Symptoms and diagnosis of prostate cancer
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Often prostate cancer grows slowly and doesn’t cause any symptoms for a long time, if at all.
Prostate urinary symptoms
Prostate cancer usually only causes symptoms when it has grown large enough to disturb your bladder or press on the tube that drains urine. These symptoms are called prostate urinary symptoms:
- Passing urine more often, especially at night
- Trouble starting or stopping the flow
- A slow flow of urine
- Pain when passing urine
Less common symptoms
- Blood in the urine or semen
- Feeling of not emptying your bladder fully
If the cancer has spread you may have other symptoms, such as bone pain. Read about symptoms of metastatic prostate cancer.
All these symptoms can be caused by conditions other than cancer, but it’s important to go to the GP and get any unusual changes checked out.
Other conditions that can cause urinary symptoms
- Benign prostatic hyperplasia (BPH)
BPH is when the prostate gland grows larger. BPH is common in middle-aged and elderly men because the prostate gland often gets bigger as you get older. BPH is not cancerous but it may cause prostate urinary symptoms.
Prostatitis means that the prostate gland has become inflamed. It can be caused by an infection in the prostate gland. It is not a form of prostate cancer. Symptoms can include pain in your testicles, pain when passing urine or an uncomfortable feeling when sitting down.
PSA tests and screening
Testing for cancer when you have no symptoms is called screening. There is no national screening programme in Ireland, as there’s little evidence that screening would reduce deaths from prostate cancer. It also could mean men having unnecessary treatment for very slow-growing prostate cancer, which could cause side-effects that affect their lives more than the cancer would.
If you’re worried…
Talk to your GP about:
- Your risk of prostate cancer – eg if you have close family members with prostate cancer
- The pros and cons of prostate cancer screening
- What the tests involve
- The decisions you might have to make if your PSA was raised
- How these decisions might affect your life. Eg having treatment and getting side-effects
Should I use a home PSA test kit?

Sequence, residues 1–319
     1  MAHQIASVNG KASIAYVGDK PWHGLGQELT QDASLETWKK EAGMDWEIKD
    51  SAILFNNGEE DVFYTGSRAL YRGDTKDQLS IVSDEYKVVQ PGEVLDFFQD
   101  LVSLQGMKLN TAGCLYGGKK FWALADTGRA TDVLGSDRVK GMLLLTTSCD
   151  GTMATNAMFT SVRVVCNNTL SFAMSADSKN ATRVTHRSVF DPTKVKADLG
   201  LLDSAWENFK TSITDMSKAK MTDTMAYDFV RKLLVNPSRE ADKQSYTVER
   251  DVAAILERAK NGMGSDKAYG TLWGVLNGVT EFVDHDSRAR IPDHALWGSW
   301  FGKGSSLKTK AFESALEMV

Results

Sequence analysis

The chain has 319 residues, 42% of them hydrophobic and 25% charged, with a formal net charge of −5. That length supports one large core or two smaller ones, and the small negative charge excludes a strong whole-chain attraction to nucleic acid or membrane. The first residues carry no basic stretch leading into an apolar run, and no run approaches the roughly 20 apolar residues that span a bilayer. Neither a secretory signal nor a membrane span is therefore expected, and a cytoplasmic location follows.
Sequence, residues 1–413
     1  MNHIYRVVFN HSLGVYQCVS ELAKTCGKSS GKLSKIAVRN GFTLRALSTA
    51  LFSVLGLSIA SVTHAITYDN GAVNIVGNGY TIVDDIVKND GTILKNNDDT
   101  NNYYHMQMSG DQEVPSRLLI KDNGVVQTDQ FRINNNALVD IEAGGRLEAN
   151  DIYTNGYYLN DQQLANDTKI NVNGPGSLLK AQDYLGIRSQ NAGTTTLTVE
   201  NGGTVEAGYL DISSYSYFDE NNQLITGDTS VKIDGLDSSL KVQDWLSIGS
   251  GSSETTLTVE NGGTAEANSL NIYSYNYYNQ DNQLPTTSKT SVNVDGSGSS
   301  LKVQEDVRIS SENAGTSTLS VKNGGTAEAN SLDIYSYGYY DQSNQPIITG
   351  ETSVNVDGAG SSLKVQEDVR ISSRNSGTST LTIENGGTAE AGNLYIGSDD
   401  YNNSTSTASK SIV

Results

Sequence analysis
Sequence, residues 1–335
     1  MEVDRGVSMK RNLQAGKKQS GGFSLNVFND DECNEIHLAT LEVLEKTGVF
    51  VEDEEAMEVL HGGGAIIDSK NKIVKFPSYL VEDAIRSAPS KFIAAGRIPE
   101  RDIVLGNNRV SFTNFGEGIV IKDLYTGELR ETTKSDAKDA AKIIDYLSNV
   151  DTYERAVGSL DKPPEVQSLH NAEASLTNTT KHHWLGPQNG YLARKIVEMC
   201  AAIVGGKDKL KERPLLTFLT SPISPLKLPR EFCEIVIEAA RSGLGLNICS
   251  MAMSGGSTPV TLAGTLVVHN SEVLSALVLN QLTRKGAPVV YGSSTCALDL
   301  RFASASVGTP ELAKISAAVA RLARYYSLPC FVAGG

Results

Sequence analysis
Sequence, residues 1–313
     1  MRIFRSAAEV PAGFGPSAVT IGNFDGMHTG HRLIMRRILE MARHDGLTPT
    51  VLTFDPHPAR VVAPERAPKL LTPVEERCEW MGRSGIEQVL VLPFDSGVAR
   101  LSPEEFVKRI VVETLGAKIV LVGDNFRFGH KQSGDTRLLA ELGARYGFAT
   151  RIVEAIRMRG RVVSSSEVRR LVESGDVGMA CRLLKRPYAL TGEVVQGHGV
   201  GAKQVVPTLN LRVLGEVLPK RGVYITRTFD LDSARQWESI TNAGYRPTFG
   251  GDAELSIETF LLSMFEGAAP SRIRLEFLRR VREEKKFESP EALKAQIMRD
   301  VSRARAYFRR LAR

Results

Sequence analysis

Prostate problems are best diagnosed by your GP, who can take your medical history and carry out a physical examination, as well as doing the PSA test.
By attending your GP you can also discuss prostate cancer risk factors and talk about any concerns you may have about the test and its results when they are available.
Remember - your PSA level can be raised for other reasons; it doesn’t mean you have prostate cancer. It’s also possible to have cancer and a normal PSA level. Read more about understanding PSA test results.
Diagnosing prostate cancer
Your family doctor (GP) will talk to you about your symptoms. He or she may do some tests. For example:
Digital rectal examination (DRE)
Inserting a gloved finger into your back passage to see if your prostate feels normal. It can be a little uncomfortable but it doesn’t take long.
PSA blood test
Checking the level of the prostate-specific antigen (PSA) protein in your blood.
Raised PSA can be a sign of prostate cancer or of a less serious condition, such as a urinary infection or a prostate infection. We have more information to help you understand PSA test results.
If you’re due to have a PSA test don’t ejaculate or exercise heavily for 48 hours beforehand. You probably won’t be able to have the test if you have a urinary tract infection or you’ve had a prostate biopsy in the previous 6 weeks. Talk to your doctor about this.
Raised PSA doesn’t mean you have cancer; 2 out of 3 men with a raised PSA who go on to have a prostate biopsy do not have prostate cancer.
Tests at the hospital
Your GP will refer you to hospital if they think you need more tests. You may have tests at a Rapid Access Prostate Clinic. These are special clinics set up to reduce waiting times for prostate cancer testing. Find out more about Rapid Access Prostate Clinics.
Tests you might have include:
- Mp-MRI (multi parametric magnetic resonance imaging)
This is a type of MRI scan that creates more detailed pictures of your prostate than a standard MRI. It may be done before you have a biopsy to help your doctors decide where to take samples of cells from.
- Trans-rectal ultrasound (TRUS)
An ultrasound probe is put into your back passage. It uses sound waves to produce pictures of your prostate.
- Prostate biopsy (transrectal needle biopsy)
A sample of the cells is taken from the prostate through your back passage (rectum) using a needle. The cells are looked at under a microscope in the lab to see if there are any cancer cells. The biopsy can be done during the TRUS.
- Template biopsy
A template biopsy takes more samples than a TRUS biopsy. It is done through the skin between your testicles and back passage (perineum). You doctor may recommend this test if your biopsy results show no sign of cancer but your doctor is still suspicious.
A urologist is a doctor who specialises in treating prostate, bladder and kidney problems.
For more information
1800 200 700